You see them everywhere: men and women jauntily wearing scarves around their necks, even in the summer when it’s hot as heck outside! Don’t get me wrong, I love scarves, which is why I was really hurt to discover that they didn’t love me back.
Imagine my surprise the first time one actually tried to kill me. It was when my scarf got tangled up in my seat belt while exiting my car. Luckily, I got it untangled before any real damage was done.
I blame my near death experiences on the fashion experts who tried their best to make us believe that scarves were our friends. You’ve seen the teasers: 100 unique ways to turn your scarf into a fabulous fashion accessory! They never warn you that you are taking your life into your own hands by wearing one! And, no matter how hard I try, my scarves never look on me the way they look on others.
Desperate, I bought a book for help. The instructions were confusing from the start. You know: bring the left end over the right end, and finish by tucking it counter-clockwise—say what? Thinking I had somehow misinterpreted the instructions, I reread them. Again, the instructions went awry. The end result? A scarf that looked like it was tied by someone high on Crack.
Placing a pretty pin on it, and with my head held high, I went merrily on my way. The trouble was, with my head held high, I almost fell before catching myself.
Each episode starts out with the best of intentions. So the day that one looked passably like one pictured in the scarf book, I was stoked. That’s when it happened. The scarf I was wearing that day got caught in my desk drawer. The next thing I knew, my neck was caught in a vise. My eyes started watering, causing my mascara to run. The final insult—one of my false eyelashes came off!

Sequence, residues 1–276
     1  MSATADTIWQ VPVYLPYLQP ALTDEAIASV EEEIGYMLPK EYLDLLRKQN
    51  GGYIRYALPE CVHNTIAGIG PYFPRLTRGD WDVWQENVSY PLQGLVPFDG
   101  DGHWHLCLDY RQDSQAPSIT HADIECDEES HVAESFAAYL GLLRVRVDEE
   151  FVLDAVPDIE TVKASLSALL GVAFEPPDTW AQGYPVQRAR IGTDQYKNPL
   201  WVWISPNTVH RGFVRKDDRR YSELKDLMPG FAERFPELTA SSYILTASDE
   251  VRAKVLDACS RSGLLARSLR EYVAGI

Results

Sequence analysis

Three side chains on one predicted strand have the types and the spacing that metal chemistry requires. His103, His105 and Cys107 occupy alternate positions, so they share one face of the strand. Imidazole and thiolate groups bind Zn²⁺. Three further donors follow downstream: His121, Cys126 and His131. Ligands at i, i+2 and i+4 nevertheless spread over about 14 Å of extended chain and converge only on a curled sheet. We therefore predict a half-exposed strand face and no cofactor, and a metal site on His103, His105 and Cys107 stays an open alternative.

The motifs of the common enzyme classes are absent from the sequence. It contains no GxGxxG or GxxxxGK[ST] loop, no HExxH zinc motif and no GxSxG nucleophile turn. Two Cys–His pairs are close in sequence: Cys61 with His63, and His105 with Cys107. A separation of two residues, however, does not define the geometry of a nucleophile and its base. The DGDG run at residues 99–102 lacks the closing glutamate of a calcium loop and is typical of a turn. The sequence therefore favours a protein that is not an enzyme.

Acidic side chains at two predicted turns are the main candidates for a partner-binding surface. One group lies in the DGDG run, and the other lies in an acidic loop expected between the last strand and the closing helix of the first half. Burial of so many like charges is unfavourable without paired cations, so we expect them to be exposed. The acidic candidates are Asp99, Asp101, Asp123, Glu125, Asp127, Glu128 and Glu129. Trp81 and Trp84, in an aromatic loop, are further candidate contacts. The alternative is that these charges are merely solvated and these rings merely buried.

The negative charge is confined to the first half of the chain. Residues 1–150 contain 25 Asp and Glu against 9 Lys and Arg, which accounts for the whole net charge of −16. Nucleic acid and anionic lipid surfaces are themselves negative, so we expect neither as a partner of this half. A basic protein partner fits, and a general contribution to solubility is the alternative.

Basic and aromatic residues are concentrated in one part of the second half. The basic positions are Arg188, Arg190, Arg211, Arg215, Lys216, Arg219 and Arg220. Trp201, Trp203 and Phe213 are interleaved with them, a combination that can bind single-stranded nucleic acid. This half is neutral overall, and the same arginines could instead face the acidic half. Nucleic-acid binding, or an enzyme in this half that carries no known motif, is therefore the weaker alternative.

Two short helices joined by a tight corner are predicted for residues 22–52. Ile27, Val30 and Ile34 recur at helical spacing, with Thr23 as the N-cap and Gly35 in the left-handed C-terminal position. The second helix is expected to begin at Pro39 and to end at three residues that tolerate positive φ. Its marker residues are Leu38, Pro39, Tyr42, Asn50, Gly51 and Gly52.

So what’s a diva to do when her scarf tries to kill her? First, she throws out the scarf book. Then, she simply loops it over once. It may not be pretty or even interesting, but it still gets the job done.
More than surviving a murderous accessory, my scarf dilemmas validate that anything can be beautiful, when worn with confidence.
I am an adoring wife, a loving sister, aunt, cousin, friend, mentor, book author and business owner. These are the things most people know about. I am also a diabetic and a stroke survivor. All are part and parcel of what makes me—well—me.
When people learn that I served in the Air Force, they say, I don’t look like a soldier (airman). “You look too soft, too feminine looking.” I have always taken that to mean that I didn’t fit their idea of what a female serviceman looked like. You know, the ‘hard looking I can shoot a gnat at fifty paces” kind of woman. (Actually I earned a military marksmanship ribbon).
My love of perfume and all things girlie aside, I am pretty tough. Indeed, life has demanded that I be. After all, few people have the fortitude to spend six weeks on their hands and knees cleaning grout from bathroom tiles—with a tooth brush. (Military Basic Training). Or once eaten Octopus Tempura in Okinawa, Japan (octopus dipped in a breaded coating and fried), and lived to tell about it. (I was told by one of my troops that it was some kind of fish).
Seriously, once I was able to banish the image of those bumpy tentacles from my mind, and discretely spit it out, he was lucky I didn’t make him drop down and give me 50 push-ups, then and there. Consequently, the military guided my life’s trajectory, affording me an education, opportunities to travel, and to learn about other people and cultures.
Likewise, few know that growing up, I dreamed of writing the great American novel. I began with writing little short stories to entertain my younger sister. Poems followed. Two, “Ode To That Lying Scum” and “Swinging From Chandeliers, Do You Suppose The Warranty Covers That” came about after dates with first “Mr. Wrong” and then “Mr. Crazy” who really was crazy if he thought I was doing that on the first date. Besides, I didn’t, and still don’t care for heights.
Finally, came my debut book The Venus Chronicles, followed by a robust freelance writing career. Four books later, and by retaining faith in my dreams, I’ve finally done it. Become a writer! To paraphrase a quote from the 1948, police drama The Naked City. “There are eight million stories in the naked city. This is mine.”